Meanwhile Sparwasser said Germany is “walking that fine line” of avoiding steps that could prompt escalation from Russia, while supporting Ukraine, and staying out of the war themselves.

“I think it’s very important to see that Germany is very determined and has a real priority in supporting Ukraine in its struggle for freedom and sovereignty,” Sparwasser said. “But we also put a high priority on going it together with our friends and allies.”

Sparwasser said despite warnings from Russia that sending tanks to Ukraine will cause an escalation, Germany is within international law — specifically Article 51 of the United Nations Charter — to provide support to Ukraine.

“Ukraine is under attack has the right to self defence, and other nations can come in and provide Ukraine with the means to defend itself,” Sparwasser said. “So in international law terms, this is a very clear cut case.”

She added that considering “Russia doesn’t respect international law,” it’s a more impactful deterrent to Russia, ahead of an expected spring offensive, to see several countries come together in support of Ukraine.

With files from the Associated Press

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COVID: Canada retaining Evusheld – CTV News

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While Health Canada says it is “aware” of the U.S. decision to withdraw the emergency use of Evusheld, a drug by AstraZeneca used to help prevent COVID-19 infection— the agency is maintaining its approval, citing the differences in variant circulation between Canada and the U.S.

The U.S. Food and Drug Administration (FDA) announced on Jan. 26 that its emergency use authorization of the drug was pulled due to its inefficacy in treating “certain” COVID-19 variants.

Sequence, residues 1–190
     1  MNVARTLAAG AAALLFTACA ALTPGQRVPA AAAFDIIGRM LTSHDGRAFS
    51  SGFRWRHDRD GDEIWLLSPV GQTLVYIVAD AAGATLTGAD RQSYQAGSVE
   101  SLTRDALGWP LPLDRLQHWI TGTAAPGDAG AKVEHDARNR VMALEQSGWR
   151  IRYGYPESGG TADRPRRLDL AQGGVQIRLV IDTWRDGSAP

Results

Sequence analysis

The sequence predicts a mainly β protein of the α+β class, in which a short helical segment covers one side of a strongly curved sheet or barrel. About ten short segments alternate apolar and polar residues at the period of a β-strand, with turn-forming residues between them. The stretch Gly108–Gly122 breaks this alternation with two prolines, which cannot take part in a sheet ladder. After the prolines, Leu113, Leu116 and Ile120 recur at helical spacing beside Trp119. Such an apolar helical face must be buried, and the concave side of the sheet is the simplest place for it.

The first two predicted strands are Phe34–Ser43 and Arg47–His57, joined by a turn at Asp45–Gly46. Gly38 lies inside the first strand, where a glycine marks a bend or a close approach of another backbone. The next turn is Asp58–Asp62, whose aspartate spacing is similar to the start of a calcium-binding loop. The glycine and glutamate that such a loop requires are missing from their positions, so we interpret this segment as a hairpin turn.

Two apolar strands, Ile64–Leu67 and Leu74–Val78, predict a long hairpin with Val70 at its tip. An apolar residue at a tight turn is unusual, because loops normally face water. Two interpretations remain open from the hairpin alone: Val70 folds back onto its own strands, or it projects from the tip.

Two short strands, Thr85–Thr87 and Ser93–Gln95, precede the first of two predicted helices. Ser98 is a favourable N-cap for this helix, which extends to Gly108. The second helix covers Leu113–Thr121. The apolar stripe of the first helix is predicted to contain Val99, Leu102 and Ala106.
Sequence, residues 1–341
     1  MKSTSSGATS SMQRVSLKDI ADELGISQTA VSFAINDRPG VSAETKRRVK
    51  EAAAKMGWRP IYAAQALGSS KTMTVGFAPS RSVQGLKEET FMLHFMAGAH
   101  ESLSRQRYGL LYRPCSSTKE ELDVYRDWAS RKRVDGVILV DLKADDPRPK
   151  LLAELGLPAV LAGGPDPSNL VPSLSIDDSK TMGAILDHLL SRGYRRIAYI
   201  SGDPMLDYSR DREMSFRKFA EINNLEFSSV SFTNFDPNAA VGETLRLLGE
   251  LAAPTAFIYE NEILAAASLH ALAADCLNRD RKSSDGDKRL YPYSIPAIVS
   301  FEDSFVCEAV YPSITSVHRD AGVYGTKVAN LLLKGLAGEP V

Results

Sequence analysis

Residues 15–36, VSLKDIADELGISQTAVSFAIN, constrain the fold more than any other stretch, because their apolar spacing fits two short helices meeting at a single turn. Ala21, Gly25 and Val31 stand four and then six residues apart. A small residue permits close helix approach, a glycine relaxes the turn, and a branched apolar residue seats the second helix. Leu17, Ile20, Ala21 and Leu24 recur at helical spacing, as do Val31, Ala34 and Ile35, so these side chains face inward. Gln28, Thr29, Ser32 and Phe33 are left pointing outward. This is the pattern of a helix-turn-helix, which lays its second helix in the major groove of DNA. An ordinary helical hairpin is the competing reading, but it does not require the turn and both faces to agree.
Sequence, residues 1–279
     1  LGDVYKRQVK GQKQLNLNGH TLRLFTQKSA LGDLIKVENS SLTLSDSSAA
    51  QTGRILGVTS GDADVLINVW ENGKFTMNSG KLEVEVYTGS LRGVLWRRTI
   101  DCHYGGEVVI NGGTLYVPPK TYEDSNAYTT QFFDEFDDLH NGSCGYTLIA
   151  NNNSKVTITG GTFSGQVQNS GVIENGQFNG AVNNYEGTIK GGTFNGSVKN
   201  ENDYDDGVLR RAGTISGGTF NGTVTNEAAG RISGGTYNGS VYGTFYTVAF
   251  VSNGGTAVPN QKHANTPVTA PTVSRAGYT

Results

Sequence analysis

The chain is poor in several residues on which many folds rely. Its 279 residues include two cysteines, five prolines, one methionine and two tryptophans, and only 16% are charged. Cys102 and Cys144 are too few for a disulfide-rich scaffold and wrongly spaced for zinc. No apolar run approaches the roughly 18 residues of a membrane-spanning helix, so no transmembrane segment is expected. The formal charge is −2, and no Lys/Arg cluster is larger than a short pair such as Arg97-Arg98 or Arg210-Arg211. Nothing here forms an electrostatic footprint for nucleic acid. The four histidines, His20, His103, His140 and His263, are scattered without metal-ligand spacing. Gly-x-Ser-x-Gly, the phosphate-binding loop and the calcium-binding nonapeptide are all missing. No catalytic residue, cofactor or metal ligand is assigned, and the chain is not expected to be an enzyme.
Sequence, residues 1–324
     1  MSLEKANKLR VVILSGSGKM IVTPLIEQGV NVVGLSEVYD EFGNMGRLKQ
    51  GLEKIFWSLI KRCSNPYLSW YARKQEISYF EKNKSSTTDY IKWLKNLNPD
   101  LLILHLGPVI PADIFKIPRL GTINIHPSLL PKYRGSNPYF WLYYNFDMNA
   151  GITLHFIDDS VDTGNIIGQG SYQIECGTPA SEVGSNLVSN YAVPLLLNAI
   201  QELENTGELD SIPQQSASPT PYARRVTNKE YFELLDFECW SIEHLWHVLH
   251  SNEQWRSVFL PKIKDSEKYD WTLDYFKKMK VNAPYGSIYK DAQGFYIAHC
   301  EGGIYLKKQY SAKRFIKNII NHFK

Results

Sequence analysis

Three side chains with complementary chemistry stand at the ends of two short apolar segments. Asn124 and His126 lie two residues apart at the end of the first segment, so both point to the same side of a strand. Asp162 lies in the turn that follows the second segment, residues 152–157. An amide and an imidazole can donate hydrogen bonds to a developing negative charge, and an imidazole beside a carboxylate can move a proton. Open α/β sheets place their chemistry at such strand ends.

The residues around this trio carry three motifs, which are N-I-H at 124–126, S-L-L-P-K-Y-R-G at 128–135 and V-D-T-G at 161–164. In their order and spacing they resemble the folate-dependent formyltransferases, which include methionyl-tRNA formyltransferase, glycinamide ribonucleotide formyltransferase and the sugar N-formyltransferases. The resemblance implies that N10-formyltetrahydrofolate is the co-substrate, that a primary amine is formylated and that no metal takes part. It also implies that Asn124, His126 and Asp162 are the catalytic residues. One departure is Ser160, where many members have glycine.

The FDA stated in a release on its website that as the XBB.1.5. variant, nicknamed “Kraken”, is making up the majority of cases in the country, the use of Evusheld is “not expected to provide protection” and therefore not worth exposing the public to possible side effects of the drug, like allergic reactions.

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In an email to CTVNews.ca, Health Canada said the U.S. Food and Drug Administration pulled the drug as the main variant of concern in the U.S. is XBB.1.5.

“Dominant variants in the [U.S.] may be different from those circulating in Canada,” the federal agency said in an email. “The most recent epidemiological data in Canada (as of January 1, 2023) indicate that BA.5 (Omicron) subvariants continue to account for more than 89 per cent of reported cases.”

On Jan. 6 the FDA said in press release that certain variants are not neutralized by Evusheld and cautioned people who are exposed to XBB.1.5. On Jan. 26, the FDA then updated its website by saying it would be limiting the use of Evusheld.